quilotoa kayaking

MICHELLE

Last weekend I decided to do one of the day trips I’ve been dreaming about since the beginning of my stay in Ecuador – visiting Quilotoa Lagoon. In this blog you will learn everything you need to know about the destination itself, how to get there, the costs and things to think about in advance. So make yourself comfortable and read the article at your leisure.

The journey to quilotoa

Since Quilotoa is about 2.5 hours from Quito, it’s definitely worth getting on the road early in the morning. I started at 7:30 am at Plaza Grande, one of the central squares here, and made my way in a minibus towards the lagoon. At the beginning you will be passing mainly the south of Quito and later the towns of Tambillo, Machachi and Latacunga. The further you get away from the capital, the more you notice how the surroundings become quieter and more rural. Along the way you can observe beautiful fields and volcanic landscapes and only very few houses. The buildings you see are often detached; only one family lives in them, supplying themselves with homegrown crops and livestock. This sight alone is fascinating, as surely few of us can imagine living like this.
To shorten the travel time, we made a first stop in the indigenous community of “Tigua”. This village is mainly known for its art. We were welcomed with a warm Canelazo, a traditional drink of the Ecuadorian sierra, and were shown traditional instruments and handmade masks. Canelazo is prepared by boiling water with cinnamon rolls and sugar cane juice and then adding “Aguadiente”, an alcoholic drink. Thus, the drink warms the people of the Andean region, especially in cold nights. Ecuadorian music was also played and a dance was performed. For those interested in the culture of the country, Tigua is certainly worth a visit. We made another stop at the “Toachi River Canyon”, a river bank where you can also take another look at the impressive rock landscapes and take some souvenir photos with the Ecuador flag. Since this place is not far from Quilotoa at all, we arrived at our destination within the next ten minutes.

hike to the lagoon

In my ideas about the place, I expected Quilotoa to be just a lagoon surrounded by volcanoes. What I didn’t know, however, is that it is an entire village with streets, restaurants and stores. On the way to the “Quilotoa Viewpoint”, you can stop at a lot of stalls and get everything you need. When you finally reach the plateau, the view is simply breathtaking. The lagoon is huge and bright turquoise. I always thought before that the numerous photos you see on the internet were retouched, but that is not fundamentally the case – the color is really so beautiful! Now, from the viewpoint, there are two options: either hike around the entire lagoon or descend to the water. Since the former option takes about 6 hours and we were keen on kayaking anyway, we opted for the hike down to the water. Unfortunately, the paths there are not paved and only filled with fine sand, so you definitely need sturdy shoes. At best, it should be ankle-high hiking boots, so that you do not get all the sand in the shoes.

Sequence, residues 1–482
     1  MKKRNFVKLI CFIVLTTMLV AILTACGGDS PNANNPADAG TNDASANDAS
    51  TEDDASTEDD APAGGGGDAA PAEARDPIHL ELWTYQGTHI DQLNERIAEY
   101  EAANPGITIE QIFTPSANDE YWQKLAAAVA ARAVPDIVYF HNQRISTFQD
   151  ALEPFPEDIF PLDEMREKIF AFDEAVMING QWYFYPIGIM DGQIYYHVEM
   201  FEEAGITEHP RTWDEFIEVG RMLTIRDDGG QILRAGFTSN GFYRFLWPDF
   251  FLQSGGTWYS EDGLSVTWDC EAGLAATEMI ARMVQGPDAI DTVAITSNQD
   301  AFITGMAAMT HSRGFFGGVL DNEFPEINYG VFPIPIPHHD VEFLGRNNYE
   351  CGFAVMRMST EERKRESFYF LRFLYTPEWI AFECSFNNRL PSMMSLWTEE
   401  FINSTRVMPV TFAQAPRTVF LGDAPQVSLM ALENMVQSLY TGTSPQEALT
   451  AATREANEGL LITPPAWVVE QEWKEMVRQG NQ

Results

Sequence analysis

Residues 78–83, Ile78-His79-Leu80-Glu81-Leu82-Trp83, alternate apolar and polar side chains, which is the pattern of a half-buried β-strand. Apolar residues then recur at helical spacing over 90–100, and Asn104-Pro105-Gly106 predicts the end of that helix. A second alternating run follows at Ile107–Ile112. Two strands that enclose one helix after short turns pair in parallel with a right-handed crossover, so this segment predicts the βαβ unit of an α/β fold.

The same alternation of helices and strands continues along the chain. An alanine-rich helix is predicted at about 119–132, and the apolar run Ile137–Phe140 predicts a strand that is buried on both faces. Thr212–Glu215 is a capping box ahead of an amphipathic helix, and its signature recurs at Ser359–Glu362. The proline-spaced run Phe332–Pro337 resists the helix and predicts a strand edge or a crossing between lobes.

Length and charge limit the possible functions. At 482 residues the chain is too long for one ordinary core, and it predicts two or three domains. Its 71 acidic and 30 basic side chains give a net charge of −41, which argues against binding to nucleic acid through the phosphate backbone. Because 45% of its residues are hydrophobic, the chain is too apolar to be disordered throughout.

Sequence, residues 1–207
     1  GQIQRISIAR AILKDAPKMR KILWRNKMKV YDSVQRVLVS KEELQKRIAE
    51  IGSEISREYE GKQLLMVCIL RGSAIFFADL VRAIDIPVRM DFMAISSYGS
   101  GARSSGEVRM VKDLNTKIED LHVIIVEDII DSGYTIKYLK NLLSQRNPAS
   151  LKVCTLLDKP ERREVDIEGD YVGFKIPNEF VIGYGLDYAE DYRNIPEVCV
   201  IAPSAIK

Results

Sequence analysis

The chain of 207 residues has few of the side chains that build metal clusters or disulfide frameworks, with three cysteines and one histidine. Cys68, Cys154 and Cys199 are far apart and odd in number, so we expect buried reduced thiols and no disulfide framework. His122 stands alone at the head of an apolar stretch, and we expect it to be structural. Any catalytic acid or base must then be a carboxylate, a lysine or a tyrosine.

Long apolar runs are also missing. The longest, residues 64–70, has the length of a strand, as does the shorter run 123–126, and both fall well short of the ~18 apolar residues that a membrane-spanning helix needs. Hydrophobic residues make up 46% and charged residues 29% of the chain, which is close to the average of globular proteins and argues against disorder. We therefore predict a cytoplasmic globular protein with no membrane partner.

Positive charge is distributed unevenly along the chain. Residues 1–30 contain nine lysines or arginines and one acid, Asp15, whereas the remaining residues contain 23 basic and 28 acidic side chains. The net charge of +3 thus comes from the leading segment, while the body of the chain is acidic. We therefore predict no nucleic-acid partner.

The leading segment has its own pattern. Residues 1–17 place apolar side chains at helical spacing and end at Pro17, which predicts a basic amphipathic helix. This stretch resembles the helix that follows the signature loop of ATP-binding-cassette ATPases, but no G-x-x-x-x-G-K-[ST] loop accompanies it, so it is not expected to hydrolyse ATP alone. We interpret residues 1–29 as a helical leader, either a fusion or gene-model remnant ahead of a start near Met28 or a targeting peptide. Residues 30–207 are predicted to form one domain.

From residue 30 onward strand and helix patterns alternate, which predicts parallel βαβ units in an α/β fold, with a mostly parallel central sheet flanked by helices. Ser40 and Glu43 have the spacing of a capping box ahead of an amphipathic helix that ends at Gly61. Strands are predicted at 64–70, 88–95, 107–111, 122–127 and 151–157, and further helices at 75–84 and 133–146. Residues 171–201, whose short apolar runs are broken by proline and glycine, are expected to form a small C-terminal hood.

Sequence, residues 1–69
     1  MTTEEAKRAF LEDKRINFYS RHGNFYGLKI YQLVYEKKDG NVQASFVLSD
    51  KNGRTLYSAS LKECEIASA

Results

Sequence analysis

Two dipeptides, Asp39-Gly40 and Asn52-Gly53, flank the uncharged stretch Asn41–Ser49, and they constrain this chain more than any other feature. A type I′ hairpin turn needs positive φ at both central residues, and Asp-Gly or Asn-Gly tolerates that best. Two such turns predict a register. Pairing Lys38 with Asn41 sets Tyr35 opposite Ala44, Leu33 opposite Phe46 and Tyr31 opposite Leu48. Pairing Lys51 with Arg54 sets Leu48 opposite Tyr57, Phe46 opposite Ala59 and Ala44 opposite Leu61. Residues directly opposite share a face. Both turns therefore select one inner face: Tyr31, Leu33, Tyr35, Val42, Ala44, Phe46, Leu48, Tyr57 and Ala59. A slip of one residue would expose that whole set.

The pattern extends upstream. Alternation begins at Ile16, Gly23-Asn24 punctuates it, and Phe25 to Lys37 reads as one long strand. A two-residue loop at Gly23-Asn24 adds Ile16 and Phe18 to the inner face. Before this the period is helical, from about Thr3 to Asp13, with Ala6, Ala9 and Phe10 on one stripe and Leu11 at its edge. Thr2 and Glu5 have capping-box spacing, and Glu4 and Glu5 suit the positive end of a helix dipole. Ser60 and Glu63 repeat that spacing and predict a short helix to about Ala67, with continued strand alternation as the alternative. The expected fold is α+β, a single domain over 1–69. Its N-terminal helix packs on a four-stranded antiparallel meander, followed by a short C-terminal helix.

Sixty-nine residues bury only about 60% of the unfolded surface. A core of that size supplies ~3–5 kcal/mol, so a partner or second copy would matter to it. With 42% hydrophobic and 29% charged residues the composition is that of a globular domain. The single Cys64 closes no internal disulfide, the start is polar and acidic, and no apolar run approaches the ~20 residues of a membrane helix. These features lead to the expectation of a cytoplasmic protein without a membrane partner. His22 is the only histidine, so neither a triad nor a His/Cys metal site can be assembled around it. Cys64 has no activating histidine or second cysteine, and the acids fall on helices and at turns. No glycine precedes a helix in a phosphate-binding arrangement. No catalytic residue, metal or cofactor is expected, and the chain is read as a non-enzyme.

Since the former option takes about 6 hours and we were keen on kayaking anyway, we opted for the hike down to the water. Unfortunately, the paths there are not paved and only filled with fine sand, so you definitely need sturdy shoes. At best, it should be ankle-high hiking boots, so that you do not get all the sand in the shoes.
Another must-have is definitely sunglasses, so that you can also protect your eyes from the dust. In addition, a winter jacket, a scarf and, if necessary, hat and gloves are important, because the temperatures are icy due to the wind in the upper part. The closer you get to the water, the warmer it gets, because the volcanoes protect you from the wind. This is very pleasant after the cool start, but you should definitely not forget to apply sunscreen, because the sun is much more aggressive at the high altitudes than it normally is. If you consider all these factors and equip yourself, the hike down is really beautiful despite the effort. You get to see the lagoon from different angles the whole time, and when the sky is clear, it’s all the more awesome!

the kayak ride itself

After about 45 minutes of walking, you arrive at the bottom, from where the water shimmers in another, greener color. There is also a jetty there that you can walk on, or you can just sit on the beach and enjoy the view. We opted for the 30-minute kayak ride to explore the lake ourselves and enjoy the beautiful weather. By the way, this only cost $3 per person, which we thought was really reasonable. The whole thing was tiring in the arms, but also a good balance to the previous leg work. When we had seen enough of the beautiful lagoon and also the hunger crept in slowly but surely, we decided to start the way back.

restaurant visit and way back

The hike up takes a good bit longer due to the steep incline, but luckily we had no time pressure and took a few breaks to relax. If you don’t trust yourself with the way back, you can also ride a donkey to the top for $10; however, we decided not to support this for animal welfare reasons. Once at the top, we found a great restaurant called “Chuquirawa” that serves traditional meat dishes as well as really tasty vegetarian dishes. Strengthened and satisfied with our excursion, we made our way back to our minibus. Once there, most of us immediately fell asleep, so we didn’t make any more stops on the way back. Nevertheless, we talked about the great experiences and agreed – Quilotoa is definitely worth a visit!

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